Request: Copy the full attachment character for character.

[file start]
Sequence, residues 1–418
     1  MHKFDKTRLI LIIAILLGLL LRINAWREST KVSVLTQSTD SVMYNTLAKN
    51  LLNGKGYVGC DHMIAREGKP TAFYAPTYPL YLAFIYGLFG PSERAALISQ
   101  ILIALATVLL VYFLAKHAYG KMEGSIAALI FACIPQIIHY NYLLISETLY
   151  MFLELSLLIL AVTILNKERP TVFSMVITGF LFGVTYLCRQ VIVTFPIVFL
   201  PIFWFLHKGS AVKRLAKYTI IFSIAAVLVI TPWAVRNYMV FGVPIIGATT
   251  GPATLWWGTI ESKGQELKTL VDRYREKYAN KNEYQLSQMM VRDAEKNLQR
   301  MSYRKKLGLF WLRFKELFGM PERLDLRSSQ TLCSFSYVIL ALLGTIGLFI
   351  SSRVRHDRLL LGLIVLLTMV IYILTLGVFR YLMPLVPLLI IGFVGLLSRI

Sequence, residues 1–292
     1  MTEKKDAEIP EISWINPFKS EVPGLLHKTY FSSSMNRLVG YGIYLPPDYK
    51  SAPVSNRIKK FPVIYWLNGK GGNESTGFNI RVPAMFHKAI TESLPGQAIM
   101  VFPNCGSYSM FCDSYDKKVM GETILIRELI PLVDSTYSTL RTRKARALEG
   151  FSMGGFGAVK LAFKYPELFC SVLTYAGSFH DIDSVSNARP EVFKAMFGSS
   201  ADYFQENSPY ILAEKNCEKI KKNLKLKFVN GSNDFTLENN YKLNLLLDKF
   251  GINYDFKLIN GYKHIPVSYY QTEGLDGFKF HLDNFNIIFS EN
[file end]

Sequence, residues 1–418
     1  MHKFDKTRLI LIIAILLGLL LRINAWREST KVSVLTQSTD SVMYNTLAKN
    51  LLNGKGYVGC DHMIAREGKP TAFYAPTYPL YLAFIYGLFG PSERAALISQ
   101  ILIALATVLL VYFLAKHAYG KMEGSIAALI FACIPQIIHY NYLLISETLY
   151  MFLELSLLIL AVTILNKERP TVFSMVITGF LFGVTYLCRQ VIVTFPIVFL
   201  PIFWFLHKGS AVKRLAKYTI IFSIAAVLVI TPWAVRNYMV FGVPIIGATT
   251  GPATLWWGTI ESKGQELKTL VDRYREKYAN KNEYQLSQMM VRDAEKNLQR
   301  MSYRKKLGLF WLRFKELFGM PERLDLRSSQ TLCSFSYVIL ALLGTIGLFI
   351  SSRVRHDRLL LGLIVLLTMV IYILTLGVFR YLMPLVPLLI IGFVGLLSRI

Sequence, residues 1–292
     1  MTEKKDAEIP EISWINPFKS EVPGLLHKTY FSSSMNRLVG YGIYLPPDYK
    51  SAPVSNRIKK FPVIYWLNGK GGNESTGFNI RVPAMFHKAI TESLPGQAIM
   101  VFPNCGSYSM FCDSYDKKVM GETILIRELI PLVDSTYSTL RTRKARALEG
   151  FSMGGFGAVK LAFKYPELFC SVLTYAGSFH DIDSVSNARP EVFKAMFGSS
   201  ADYFQENSPY ILAEKNCEKI KKNLKLKFVN GSNDFTLENN YKLNLLLDKF
   251  GINYDFKLIN GYKHIPVSYY QTEGLDGFKF HLDNFNIIFS EN